This is the story of an eggshell-thin fresco of Our Lady which flew all the way from Albania…
One day, centuries ago, it descended on ancient Genazzano,
a charming town on a hill thirty miles south of Rome.
Because of its proximity to Rome, the city was chosen by many patricians and imperial courtiers as a site for their country villas. The vast gardens surrounding these villas often served as the stage for perverse feasts, pagan games and heathen rituals in honour of the gods to whom the Romans attributed the fertility of their fields.
One of these celebrations was held every April 25 in honour of the goddess Flora or Venus. For this event, people of all social classes—freemen and slaves, patricians and plebeians—gathered together for a great feast. This practice gradually dissolved and the temples fell into ruins as the life-giving breath of Christianity regenerated the peoples of Europe.
In the third century, an order was given to build a shrine dedicated to the Mother of God under the tender invocation of Mother of Good Counsel on the ruins of the Roman temples.
As the years went by, the city became more populous and the shrine grew in fame. During the Middle Ages, the Franciscans and the Augustinians founded monasteries nearby. With the passing of years, the primitive temple erected in honour of the Mother of Good Counsel began to show signs of disrepair. Moreover, as the shrine was small, the faithful built larger and richer churches for their solemn functions.
In 1356, about a century before the appearance of the miraculous painting that would introduce Genazzano into the annals of marvels in the Church, Prince Pietro Giordan Colonna, whose family had acquired lordship of the city, assigned the most ancient church of the city and its parish to the care of the Hermits of St. Augustine.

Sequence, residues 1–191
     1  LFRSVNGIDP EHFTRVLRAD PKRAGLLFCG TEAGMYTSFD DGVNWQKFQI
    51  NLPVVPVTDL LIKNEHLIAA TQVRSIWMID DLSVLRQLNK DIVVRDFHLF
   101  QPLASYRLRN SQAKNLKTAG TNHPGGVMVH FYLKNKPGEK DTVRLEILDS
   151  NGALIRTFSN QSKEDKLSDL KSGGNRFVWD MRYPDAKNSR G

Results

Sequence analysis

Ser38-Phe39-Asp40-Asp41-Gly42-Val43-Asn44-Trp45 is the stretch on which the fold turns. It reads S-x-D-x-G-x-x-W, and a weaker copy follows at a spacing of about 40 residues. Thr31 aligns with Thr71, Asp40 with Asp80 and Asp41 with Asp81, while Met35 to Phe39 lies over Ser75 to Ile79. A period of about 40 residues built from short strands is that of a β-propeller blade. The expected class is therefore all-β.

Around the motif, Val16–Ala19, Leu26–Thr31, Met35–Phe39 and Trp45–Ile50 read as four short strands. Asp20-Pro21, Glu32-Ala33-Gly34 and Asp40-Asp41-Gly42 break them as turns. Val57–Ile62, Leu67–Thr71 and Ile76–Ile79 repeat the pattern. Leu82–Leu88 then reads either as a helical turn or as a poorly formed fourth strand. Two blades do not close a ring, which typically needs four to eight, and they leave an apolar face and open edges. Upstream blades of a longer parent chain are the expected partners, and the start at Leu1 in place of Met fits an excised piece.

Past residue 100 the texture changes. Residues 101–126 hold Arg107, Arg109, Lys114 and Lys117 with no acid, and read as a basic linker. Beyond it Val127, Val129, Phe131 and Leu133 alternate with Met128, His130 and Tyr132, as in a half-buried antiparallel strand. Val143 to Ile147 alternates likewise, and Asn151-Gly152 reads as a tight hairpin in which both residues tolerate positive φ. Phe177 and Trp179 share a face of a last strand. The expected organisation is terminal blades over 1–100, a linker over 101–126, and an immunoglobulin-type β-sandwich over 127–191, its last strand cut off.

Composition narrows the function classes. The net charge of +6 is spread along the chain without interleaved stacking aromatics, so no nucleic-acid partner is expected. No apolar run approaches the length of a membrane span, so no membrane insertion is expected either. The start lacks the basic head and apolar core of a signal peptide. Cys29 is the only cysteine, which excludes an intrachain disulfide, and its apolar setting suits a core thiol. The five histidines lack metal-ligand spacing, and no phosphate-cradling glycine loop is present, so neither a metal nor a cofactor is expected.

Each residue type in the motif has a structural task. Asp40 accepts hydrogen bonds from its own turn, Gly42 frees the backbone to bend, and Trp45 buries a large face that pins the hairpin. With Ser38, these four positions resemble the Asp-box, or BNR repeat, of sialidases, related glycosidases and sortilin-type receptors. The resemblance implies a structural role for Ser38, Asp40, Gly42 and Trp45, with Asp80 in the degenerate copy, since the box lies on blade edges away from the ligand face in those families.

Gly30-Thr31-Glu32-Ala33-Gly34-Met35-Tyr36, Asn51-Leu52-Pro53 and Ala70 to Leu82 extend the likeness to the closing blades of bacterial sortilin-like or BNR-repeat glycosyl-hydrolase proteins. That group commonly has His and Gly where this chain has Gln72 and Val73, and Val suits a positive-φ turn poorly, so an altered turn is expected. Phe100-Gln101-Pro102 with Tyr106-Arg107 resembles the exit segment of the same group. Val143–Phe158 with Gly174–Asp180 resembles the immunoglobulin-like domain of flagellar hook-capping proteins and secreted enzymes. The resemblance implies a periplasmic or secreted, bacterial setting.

The faithful would thereby have the necessary pastoral assistance, and repairs could be made on the old church.
Although the prayers of the faithful intensified, financial difficulties prevented the necessary and urgent restoration of the ancient temple. But the Mother who gives wise counsel in every circumstance and attentively provides for the necessities of men chose a Third Order Augustinian, Petruccia de Nocera, to carry out a supernatural prodigy that would bring about the much-desired restoration.
Petruccia had been left a modest fortune following the death of her husband in 1436. Living alone, she dedicated most of her time to prayer and services in the church of the Mother of Good Counsel. It grieved her to see the deplorable state of the sacred premises, and she prayed fervently that they would be restored.
Finally, she resolved to take the initiative. After obtaining permission from the friars, she donated her goods to initiate the restoration in the hope that others would help complete it once it was commenced.
A plan was drawn up for the building of a magnificent church. However, once that arduous undertaking had begun, Petruccia, who was already eighty years old, found that her generous offering was scarcely enough to complete the first phase of the new construction. To make matters worse, no one came forth to help.